By correcting $\eta$ with a linear combinations of the $\omega_i$‘s, we can suppose its A-periods vanish. Indeed, take

$\eta' = \eta - \displaystyle\sum_{i=1}^g N^i \omega_i$.

Then $\eta'$ still satisfies conditions 1. and 2. because the $\omega_i$‘s are holomorphic, but clearly for $i = 1, \ldots, g$, we have $\int_{\delta_i}\eta' = 0.$

The game is now to add an integral linear combination of the $\omega_i$‘s to $\eta$ to make its B-periods integers. By the reciprocity law,

$\displaystyle\sum_{i=1}^g \left(N^{i+g}\int_{\delta_i}\omega_j - N^i\int_{\delta_{i+g}}\right) = 2\pi\sqrt{-1}\sum_{p \text{ pole of } \eta}\text{res}_{p}(\eta) \int_{p_0}^p\omega_j$.

So since $N^i = 0$ for $i \geq g$ and the basis $(\omega_i)$ is normalised, by condition 2. we find

$N^{j+g} = \displaystyle\sum_ia_i\int_{p_0}^{p_i}\omega_j - b_i\int_{p_0}^{q_i}\omega_j = \sum_i\int_{q_i}^{p_i}\omega_j$    for all $j = 1, \ldots, g$

for a proper choice of path in this last integral (take  path from $q_i$ to $p_i$ circling the right amount of times along the $\delta_j$‘s to incorporate the $a_i,b_i$‘s in the integral). Let us denote by $\gamma_i$ those paths on which we integrate in this last expression. Since

$\mu(D) = \displaystyle\sum_i\left(\int_{\gamma_i}\omega_1, \ldots, \int_{\gamma_i}\omega_g\right) \in \Lambda \subset \mathbb{C}^g$

by hypothesis, there exists a cycle

$\sigma \sim \displaystyle\sum_{k=1}^{2g}m_k\delta_k$        with $m_k \in \mathbb{Z}$

such that

$\displaystyle\sum_i\int_{\gamma_i}\omega_j = \int_{\sigma}\omega_j$      for all $j=1, \ldots, g$

(this is the definition of being 0 in the jacobian). Then we have

$N^{g+j} = \displaystyle\sum_i\int_{\alpha_i}\omega_j = \int_\sigma\omega_j$     for all $j = 1, \ldots, g$.

The periods of $\eta$ are thus

$N^i = 0$

and

$N^{g+i} = \displaystyle\sum_{k=1}^{2g}m_k\int_{\delta_k}\omega_i = m_i + \sum_{k=1}^gm_{g+k}\int_{\delta_{g+k}}\omega_i$

for $i=1, \ldots, g$. We can now correct $\eta$ for it to satisfy conditions 1. 2. and having integral B-periods by taking

$\eta' = \eta - \displaystyle\sum_{k=1}^gm_{g+k}\omega_k$.

Indeed, for $i=1, \ldots, g$, the periods of $\eta'$ are

$N'^i = -m_{g+1}$

and

$N'^{g+i} = N^{g+i} - \displaystyle\sum_{k=1}^gm_{g+k}\int_{\delta_{g+i}}\omega_k = m_i + \sum_{k=1}^gm_{g+k}\left(\int_{\delta_{g+k}}\omega_i - \int_{\delta_{g+i}}\omega_k\right)$.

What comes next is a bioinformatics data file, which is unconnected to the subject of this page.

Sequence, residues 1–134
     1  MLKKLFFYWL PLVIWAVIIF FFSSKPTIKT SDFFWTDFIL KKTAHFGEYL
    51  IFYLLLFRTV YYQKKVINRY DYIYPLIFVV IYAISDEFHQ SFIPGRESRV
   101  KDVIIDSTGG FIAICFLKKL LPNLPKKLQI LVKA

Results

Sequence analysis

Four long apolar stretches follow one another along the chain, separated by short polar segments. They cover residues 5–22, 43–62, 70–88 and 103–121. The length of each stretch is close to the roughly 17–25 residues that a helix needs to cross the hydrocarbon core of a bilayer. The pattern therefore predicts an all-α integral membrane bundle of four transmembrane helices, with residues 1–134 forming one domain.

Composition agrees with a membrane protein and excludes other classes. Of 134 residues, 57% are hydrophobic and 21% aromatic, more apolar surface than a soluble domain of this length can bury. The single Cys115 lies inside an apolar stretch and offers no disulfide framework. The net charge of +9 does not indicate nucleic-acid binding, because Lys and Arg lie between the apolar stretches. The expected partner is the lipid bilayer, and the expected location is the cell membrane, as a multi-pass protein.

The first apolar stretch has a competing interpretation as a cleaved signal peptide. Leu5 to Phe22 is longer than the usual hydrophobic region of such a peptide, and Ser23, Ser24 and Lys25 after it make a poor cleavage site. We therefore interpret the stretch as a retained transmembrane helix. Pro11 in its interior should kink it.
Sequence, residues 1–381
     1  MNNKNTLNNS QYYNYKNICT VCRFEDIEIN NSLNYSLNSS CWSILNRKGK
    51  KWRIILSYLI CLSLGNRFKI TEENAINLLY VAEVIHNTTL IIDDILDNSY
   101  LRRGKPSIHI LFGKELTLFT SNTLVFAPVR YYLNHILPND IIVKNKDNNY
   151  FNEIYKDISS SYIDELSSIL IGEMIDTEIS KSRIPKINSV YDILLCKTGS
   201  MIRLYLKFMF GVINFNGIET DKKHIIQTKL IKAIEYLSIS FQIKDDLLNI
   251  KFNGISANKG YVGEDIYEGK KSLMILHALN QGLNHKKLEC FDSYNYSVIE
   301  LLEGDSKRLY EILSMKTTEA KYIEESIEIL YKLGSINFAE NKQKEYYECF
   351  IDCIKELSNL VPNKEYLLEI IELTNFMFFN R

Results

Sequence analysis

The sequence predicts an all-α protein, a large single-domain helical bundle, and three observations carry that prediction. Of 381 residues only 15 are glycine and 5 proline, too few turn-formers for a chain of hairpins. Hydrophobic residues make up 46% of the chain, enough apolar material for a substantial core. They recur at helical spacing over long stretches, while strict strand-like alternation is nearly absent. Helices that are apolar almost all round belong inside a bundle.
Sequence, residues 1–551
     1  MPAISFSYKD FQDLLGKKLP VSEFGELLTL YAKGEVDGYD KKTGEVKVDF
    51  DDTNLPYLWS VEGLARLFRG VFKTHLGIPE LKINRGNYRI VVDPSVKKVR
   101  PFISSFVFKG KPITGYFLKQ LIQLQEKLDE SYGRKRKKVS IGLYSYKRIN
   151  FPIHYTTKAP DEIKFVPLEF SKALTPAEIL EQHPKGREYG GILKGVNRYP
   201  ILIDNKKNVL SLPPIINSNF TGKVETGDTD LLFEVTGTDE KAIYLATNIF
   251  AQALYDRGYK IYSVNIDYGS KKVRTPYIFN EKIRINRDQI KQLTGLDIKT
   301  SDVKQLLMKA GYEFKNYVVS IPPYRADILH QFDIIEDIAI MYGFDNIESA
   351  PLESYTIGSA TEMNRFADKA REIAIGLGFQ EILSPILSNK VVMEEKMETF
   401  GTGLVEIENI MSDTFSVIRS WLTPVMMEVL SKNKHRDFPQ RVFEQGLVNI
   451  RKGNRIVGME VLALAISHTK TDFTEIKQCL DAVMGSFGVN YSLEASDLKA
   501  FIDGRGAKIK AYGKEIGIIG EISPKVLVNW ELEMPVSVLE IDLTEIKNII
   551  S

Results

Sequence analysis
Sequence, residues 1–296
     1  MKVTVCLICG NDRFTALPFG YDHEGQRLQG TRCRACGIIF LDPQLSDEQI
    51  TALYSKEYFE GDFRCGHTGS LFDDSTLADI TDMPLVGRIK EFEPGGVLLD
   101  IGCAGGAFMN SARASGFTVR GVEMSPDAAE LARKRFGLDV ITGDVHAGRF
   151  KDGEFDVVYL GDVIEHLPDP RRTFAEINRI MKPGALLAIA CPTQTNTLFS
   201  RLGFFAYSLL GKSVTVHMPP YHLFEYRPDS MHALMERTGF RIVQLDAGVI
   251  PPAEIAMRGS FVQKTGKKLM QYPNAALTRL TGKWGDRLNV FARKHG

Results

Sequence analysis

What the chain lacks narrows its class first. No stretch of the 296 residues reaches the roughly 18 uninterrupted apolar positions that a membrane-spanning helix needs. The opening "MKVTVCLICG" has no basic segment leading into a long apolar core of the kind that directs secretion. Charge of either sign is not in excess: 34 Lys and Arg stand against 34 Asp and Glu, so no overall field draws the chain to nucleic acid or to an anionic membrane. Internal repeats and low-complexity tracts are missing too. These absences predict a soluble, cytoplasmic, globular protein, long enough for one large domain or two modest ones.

But by Riemann’s first bilinear relation, the expression in parentheses above vanishes for all $1 \leq i,k \leq g$, so $N'^{g+i} = m_i$. We have thus found a meromorphic 1-form $\eta$ satisfying conditions 1, 2 and 3 of lemma 1, concluding the proof of Abel’s theorem

QED

Corollary: For a compact Riemann surface of genus $g \geq 1$, the Abel-Jacobi map gives a holomorphic embedding of $S$ into $J(S)$ (i.e. it is injective and has maximal rank 1 everywhere)

Proof: To see that $\mu|_S$ is injective, suppose that $\mu(p) = \mu(q)$ for two distinct points $p,q \in S$, i.e. that $\mu(p-q) = 0 \in J(S)$. Then by Abel’s theorem, there is a meromorphic function $f \in \mathcal{S}$ having divisor $(f) = p-q$. We see this meromorphic function a holomorphic function

$f : S \to \mathbb{CP}^1$.

Recall that any holomorphic function between two compact Riemann surfaces is in fact a branched cover. In particular, $f$ has a degree $d$ (the degree is the number of points in the fibers of $f$, which, counting with multiplicity, does not depend on the point in the image). Since $f^{-1}(\infty) = \{q\}$, we have $\text{deg}(f) = 1$. But this would mean that $\#f^{-1}(p) = 1$ for every $p \in \text{Im}(f) = \mathbb{CP}^1$. So $f$ would be a biholomorphism, which constradicts the fact that the genus is not $0$.

To see that $\mu$ has maximal rank everywhere, we just compute its differential. Let $z$ be a holomorphic coordinate centered at $p \in S$ and write $\mu = (\mu_1, \ldots, \mu_g)$. Writing the basis of holomorphic one-forms in this chart as $\omega_j = \eta_jdz$, we have

$\mu_j(z) = \displaystyle\int_{p_0}^p\omega_j + \int_0^z\eta_j(z)dz$

so

$\dfrac{\partial \mu_j}{\partial z} = \eta_j(z)$.

Since $\omega_1, \ldots, \omega_g$ is a basis for $\Omega^1(S)$, they never all vanish simultaneously, so $\mu|_S$ has maximal rank 1 everywhere.

QED

Corollary: Every smooth Riemann surface $T$ of genus one is biholomorphic to a complex torus $\mathbb{C}/\Lambda$.

Proof: This is immediate from last corollary: if $g=1$, the Abel-Jacobi map gives a biholomorphism

$\mu : T \to J(T) \simeq \mathbb{C}/\Lambda$.

QED